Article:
Recording and Playing Back Macros
The macro recorder built into Excel enables you to capture command sequences from the time you turn on the recorder until the moment you turn it off. When you turn on the macro recorder, it records all your actions in the active worksheet or chart sheet as you make them.
Note that the macro recorder doesn't record the actual keystrokes or mouse actions that you take to accomplish an action, only the VBA code required to perform the action itself. This means that, if you make mistakes while following a command sequence, all the actions you take to rectify them won't be recorded as part of the macro. For example, if you make a typing error and then edit it while the macro recorder is on, only the corrected entry is recorded as part of the macro's VBA instructions.
Whenever you record a macro, Excel adds a special module sheet to the current Excel workbook that contains the VBA code for playing back the sequence. To open the module sheet in Visual Basic Editor to review or edit the macro's VBA commands, choose Tools → Macro → Visual Basic Editor or simply press Alt+F11.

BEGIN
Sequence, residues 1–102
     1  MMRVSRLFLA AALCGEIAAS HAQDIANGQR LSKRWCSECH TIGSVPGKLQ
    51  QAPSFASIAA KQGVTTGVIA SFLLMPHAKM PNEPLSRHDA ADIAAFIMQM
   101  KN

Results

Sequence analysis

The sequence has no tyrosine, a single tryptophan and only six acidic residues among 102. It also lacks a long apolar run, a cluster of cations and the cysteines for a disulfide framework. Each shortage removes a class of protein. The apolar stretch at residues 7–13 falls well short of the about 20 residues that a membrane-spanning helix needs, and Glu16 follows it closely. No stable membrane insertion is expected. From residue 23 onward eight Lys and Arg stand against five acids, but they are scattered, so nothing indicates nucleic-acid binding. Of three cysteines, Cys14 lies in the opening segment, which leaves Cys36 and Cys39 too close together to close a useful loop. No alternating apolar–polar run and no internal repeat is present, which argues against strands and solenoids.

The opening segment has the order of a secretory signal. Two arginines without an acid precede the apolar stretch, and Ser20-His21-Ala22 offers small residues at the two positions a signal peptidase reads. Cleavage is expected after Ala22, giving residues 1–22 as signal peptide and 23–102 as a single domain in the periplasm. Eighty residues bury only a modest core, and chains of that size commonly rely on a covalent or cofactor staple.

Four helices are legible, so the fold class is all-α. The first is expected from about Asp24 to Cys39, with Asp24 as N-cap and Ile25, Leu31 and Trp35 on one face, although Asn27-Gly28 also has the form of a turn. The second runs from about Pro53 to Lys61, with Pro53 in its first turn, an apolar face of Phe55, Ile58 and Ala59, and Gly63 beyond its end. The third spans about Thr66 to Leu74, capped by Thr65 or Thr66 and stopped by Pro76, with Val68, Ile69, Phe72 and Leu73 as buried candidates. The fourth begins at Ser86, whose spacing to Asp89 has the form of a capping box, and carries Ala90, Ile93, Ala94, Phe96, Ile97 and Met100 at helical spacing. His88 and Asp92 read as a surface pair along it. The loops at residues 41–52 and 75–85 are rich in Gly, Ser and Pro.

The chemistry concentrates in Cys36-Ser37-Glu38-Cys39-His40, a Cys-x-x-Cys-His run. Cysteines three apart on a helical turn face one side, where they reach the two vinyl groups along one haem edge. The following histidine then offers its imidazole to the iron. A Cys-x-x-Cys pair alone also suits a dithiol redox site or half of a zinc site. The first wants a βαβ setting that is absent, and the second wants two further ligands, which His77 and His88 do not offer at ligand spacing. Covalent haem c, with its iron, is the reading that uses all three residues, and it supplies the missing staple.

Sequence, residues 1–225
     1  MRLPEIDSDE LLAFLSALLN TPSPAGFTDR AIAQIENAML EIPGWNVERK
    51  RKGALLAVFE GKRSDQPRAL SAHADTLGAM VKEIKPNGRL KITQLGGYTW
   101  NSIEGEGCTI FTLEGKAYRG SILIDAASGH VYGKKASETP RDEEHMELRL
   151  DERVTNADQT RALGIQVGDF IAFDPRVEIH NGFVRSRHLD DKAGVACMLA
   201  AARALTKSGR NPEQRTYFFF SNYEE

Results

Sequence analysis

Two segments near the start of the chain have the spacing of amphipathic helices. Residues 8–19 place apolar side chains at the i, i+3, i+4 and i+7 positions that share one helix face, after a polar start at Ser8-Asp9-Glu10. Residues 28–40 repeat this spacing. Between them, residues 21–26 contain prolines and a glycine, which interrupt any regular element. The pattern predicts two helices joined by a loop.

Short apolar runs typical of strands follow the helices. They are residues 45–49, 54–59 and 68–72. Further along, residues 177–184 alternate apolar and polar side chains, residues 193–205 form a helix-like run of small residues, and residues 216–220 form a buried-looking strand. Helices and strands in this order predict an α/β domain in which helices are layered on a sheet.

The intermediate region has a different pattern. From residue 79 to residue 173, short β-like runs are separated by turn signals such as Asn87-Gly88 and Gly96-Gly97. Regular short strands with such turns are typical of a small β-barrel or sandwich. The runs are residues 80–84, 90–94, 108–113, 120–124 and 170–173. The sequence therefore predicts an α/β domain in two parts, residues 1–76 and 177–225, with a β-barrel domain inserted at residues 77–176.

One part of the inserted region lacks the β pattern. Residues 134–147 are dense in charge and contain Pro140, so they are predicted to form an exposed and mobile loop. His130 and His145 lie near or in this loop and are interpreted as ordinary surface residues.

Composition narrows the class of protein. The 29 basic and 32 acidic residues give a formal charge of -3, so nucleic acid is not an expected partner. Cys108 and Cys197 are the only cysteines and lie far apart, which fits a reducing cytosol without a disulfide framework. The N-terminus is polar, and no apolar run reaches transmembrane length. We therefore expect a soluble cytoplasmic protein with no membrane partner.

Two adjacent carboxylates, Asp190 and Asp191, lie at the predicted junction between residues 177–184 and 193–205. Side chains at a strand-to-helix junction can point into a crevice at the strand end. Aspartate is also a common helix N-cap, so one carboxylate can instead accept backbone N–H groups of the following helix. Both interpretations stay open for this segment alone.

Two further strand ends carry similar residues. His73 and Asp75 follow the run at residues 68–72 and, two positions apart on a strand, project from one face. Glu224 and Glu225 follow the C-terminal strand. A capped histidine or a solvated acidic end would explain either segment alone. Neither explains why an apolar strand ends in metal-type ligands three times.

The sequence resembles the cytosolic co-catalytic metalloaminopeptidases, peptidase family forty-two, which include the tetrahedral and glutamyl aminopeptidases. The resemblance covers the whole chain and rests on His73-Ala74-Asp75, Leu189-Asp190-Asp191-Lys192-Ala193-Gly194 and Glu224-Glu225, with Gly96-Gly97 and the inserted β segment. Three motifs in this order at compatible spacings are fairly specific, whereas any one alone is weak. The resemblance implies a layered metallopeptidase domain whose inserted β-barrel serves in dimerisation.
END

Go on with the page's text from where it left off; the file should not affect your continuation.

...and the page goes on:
You can store the macros you record as part of the current workbook, in a new workbook, or in a special, globally available Personal Macro Workbook named personal.xls. When you record a macro in your Personal Macro Workbook, you can run that macro from any workbook that you have open. (That's because the personal.xls workbook is secretly opened whenever you launch Excel, and although it's immediately hidden, the macros it contains are always available.) When you record macros as part of the current workbook or a new workbook, you can run those macros only when the workbook in which they were recorded is open in Excel.
When you create a macro with the macro recorder, you decide not only the workbook in which to store the macro but also what name and shortcut keystrokes to assign it. When creating a name for your macro, use the same guidelines as when you assign a standard range name to a cell range in your worksheet. When assigning a shortcut keystroke to run the macro, you can assign the Ctrl key plus a lowercase letter, as in Ctrl+Q, or the Ctrl key plus an uppercase letter (the equivalent of Ctrl+Shift), as in Ctrl+Shift+Q. You can't, however, assign the Ctrl key plus a punctuation or number key (such as Ctrl+1 or Ctrl+/) to your macro.